The Climate Risk and Early Warning Systems (CREWS) East Africa Initiative, a four-year US$7m collaboration between the UN Office for Disaster Risk Reduction (UNDRR), the World Meteorological Organization (WMO) and the World Bank, has been launched in Kigali, Rwanda.
More than 60 representatives from the national meteorological and hydrological services (NMHSs) and national disaster management offices (NDMOs) of Burundi, Kenya, Rwanda, South Sudan, the United Republic of Tanzania and Uganda attended the launch day, discussing how they can improve their early warning systems for floods, droughts, landslides and other severe weather events.
Aligned with the UN Secretary General’s call to action for Early Warnings for All to ensure that people most at risk have universal access to weather advisories and warnings, the CREWS East Africa project will strengthen regional and national capacities in the six participating countries to provide impact-based, people-centered predictions and warnings that are specific to national and local contexts.
In Rwanda, this includes the use of space data for agricultural monitoring, and the potential use of space observations to improve monitoring and support response systems. The knowledge and experience gained through the CREWS project will contribute to building strong early warning systems.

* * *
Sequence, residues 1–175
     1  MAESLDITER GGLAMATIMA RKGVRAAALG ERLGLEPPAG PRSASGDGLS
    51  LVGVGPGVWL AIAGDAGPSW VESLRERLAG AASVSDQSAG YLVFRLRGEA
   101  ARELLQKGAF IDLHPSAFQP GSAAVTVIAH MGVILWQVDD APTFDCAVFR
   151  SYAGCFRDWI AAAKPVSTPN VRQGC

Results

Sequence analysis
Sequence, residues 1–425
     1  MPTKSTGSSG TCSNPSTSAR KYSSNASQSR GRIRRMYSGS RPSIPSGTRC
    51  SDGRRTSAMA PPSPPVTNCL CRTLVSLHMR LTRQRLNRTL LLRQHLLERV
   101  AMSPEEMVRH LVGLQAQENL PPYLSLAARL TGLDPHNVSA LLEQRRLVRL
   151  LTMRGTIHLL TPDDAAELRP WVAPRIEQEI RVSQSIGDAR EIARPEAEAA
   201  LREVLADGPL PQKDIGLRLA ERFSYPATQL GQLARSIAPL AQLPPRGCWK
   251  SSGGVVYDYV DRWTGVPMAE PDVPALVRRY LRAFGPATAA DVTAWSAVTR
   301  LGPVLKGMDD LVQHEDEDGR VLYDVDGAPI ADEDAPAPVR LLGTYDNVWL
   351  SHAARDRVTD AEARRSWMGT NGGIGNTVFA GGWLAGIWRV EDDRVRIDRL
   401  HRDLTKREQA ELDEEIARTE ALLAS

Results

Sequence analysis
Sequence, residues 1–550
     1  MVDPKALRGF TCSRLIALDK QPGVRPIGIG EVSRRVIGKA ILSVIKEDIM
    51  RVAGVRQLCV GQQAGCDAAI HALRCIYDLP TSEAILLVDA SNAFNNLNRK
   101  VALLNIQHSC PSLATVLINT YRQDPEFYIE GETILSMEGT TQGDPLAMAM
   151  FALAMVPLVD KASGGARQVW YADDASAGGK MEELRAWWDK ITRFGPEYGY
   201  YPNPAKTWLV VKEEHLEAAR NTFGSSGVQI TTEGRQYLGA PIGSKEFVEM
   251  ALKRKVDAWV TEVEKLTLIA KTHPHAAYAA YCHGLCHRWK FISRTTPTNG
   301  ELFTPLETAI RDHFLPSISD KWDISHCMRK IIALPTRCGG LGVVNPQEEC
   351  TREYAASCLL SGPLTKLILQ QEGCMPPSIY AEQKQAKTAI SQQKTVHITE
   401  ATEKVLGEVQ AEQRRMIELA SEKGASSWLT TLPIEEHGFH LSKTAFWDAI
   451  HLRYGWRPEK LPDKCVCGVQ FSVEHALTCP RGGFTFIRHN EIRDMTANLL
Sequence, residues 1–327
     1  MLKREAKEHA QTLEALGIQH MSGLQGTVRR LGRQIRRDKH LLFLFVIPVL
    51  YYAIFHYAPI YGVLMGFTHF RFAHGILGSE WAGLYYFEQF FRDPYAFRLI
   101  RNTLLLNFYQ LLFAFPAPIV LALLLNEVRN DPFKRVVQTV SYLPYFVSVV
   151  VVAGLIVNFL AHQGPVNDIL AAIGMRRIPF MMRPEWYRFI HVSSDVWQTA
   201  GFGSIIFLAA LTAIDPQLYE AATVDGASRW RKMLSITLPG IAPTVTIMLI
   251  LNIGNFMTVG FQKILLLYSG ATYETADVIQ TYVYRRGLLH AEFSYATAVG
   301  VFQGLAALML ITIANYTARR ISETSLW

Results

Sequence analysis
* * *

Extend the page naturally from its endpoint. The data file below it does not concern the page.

Muliro Mashauri, program management officer, UNDRR Regional Office for Africa, said, “Stronger collaboration between NMHSs and NDMOs, and across ministries, departments and agencies, is essential. Strengthening national risk information ecosystems stands as a core element of this CREWS initiative, and UNDRR’s overall strategic priorities.”
The launch was followed by a technical workshop for countries to update on EWS priorities and challenges. The initiative will help build a common understanding among government actors in each country about how climate change is leading to increased exposure, vulnerability and loss and damage as a result of climate-driven hazards and shocks. The CREWS initiative aims to ensure that weather advisories and warnings are easily understood and tailored to diverse audiences to help people to take early and anticipatory action.